New Quinnipiac poll in Ohio: Trump trails by a small margin
Quinnipiac published the results of a new poll. In this poll, interviewees from Ohio were asked for whom they will vote: Democrat candidate Hillary Clinton or Republican candidate Donald Trump.
Ohio is traditionally a battleground state, where the Democratic and Republican candidates have historically achieved similar levels of support among voters. Hence, the election outcome here is considered critical in determining the overall result of the presidential election.
Quinnipiac poll results
Of those who responded, 49.0% said that they will vote for former First Lady Hillary Clinton, while 45.0% declared that they would give their vote to billionaire Donald Trump.
The poll was conducted from July 30 to August 7. A total of 812 likely voters responded. The margin of error is +/-3.4 points, which means that the levels of voter support for both parties' candidates do not differ significantly.
Putting the results in context
As a general rule, however, don't have too much faith in the results of single polls, as they may incorporate large errors. Rather than trusting the results from single polls, the evidence-based approach is to consult combined polls or, even better, the combined PollyVote forecast that draws upon forecasts from different methods, each of which draws upon different data.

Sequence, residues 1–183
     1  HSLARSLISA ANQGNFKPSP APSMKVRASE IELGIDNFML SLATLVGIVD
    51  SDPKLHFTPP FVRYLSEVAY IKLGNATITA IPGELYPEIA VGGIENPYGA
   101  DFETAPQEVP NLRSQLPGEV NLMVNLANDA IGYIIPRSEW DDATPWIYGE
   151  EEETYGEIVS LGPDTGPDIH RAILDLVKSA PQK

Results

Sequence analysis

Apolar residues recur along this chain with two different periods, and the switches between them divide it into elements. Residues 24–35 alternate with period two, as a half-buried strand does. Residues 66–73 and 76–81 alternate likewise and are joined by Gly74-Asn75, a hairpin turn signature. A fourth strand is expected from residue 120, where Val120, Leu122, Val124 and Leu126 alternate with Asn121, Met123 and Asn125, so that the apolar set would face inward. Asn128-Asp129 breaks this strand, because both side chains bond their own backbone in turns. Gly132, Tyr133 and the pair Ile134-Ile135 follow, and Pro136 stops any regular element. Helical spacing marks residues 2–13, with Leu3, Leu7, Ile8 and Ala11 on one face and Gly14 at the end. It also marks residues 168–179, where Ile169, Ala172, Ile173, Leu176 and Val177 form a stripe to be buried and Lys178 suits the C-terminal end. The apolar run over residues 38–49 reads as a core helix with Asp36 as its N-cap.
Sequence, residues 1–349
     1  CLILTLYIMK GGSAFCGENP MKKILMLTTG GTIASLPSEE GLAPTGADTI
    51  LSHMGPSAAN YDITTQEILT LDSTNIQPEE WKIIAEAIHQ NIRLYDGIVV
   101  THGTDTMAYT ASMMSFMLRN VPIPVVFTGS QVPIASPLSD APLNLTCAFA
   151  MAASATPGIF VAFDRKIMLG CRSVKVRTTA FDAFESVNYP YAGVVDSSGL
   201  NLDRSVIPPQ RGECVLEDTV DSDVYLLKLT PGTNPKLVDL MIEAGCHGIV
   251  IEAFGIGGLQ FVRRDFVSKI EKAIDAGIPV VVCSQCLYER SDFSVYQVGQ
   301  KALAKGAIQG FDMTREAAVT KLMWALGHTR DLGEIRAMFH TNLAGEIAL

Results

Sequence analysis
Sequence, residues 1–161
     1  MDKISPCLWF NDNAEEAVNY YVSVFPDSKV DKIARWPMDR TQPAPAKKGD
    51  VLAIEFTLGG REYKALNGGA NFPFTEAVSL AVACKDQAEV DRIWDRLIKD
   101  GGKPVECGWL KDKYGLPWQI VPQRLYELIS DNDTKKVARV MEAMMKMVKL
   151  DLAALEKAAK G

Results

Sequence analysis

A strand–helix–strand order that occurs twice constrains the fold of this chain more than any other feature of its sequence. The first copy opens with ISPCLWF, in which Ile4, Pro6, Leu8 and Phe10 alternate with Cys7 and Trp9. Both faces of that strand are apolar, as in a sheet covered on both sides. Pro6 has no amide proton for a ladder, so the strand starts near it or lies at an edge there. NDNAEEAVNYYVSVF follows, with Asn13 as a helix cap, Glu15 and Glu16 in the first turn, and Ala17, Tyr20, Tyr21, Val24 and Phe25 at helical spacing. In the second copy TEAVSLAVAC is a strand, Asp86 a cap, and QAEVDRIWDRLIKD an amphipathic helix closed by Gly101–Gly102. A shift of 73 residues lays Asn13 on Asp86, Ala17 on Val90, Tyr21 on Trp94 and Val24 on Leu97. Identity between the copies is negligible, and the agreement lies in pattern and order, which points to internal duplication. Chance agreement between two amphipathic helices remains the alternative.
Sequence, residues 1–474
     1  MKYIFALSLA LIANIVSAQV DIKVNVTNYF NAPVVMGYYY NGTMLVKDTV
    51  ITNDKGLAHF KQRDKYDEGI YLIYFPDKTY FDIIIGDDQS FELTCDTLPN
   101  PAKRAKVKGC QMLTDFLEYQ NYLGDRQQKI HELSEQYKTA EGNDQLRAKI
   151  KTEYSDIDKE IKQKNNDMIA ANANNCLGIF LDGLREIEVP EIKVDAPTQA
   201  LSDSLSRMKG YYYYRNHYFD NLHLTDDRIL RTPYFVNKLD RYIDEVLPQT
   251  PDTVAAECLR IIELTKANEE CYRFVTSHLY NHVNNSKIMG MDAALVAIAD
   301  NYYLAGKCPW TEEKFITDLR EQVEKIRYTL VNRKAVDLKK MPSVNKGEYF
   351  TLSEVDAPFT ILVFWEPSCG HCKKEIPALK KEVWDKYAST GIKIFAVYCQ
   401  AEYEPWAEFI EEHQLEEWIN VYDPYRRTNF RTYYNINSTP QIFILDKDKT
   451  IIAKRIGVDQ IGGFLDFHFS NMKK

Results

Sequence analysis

For the following analysis, we convert the candidates' raw poll numbers into shares of the two-party vote. This procedure yields figures of 47.9% for Clinton and 0.0% for Trump.
Results in comparison to other polls
Clinton can currently count on 47.2% of the two-party vote in an average of recent polls in Ohio. In comparison to numbers in the Quinnipiac poll Clinton's poll average is 0.7 percentage points worse. This difference is within the poll's margin of error, which means that the poll is not an outlier.
The poll compared with PollyVote's prediction
The current PollyVote anticipates Clinton to gain 48.0% of the two-party vote in Ohio. Hence, the combined PollyVote is 0.1 points above polling numbers. Again, a look at the poll's error margin suggests that this difference is insignificant.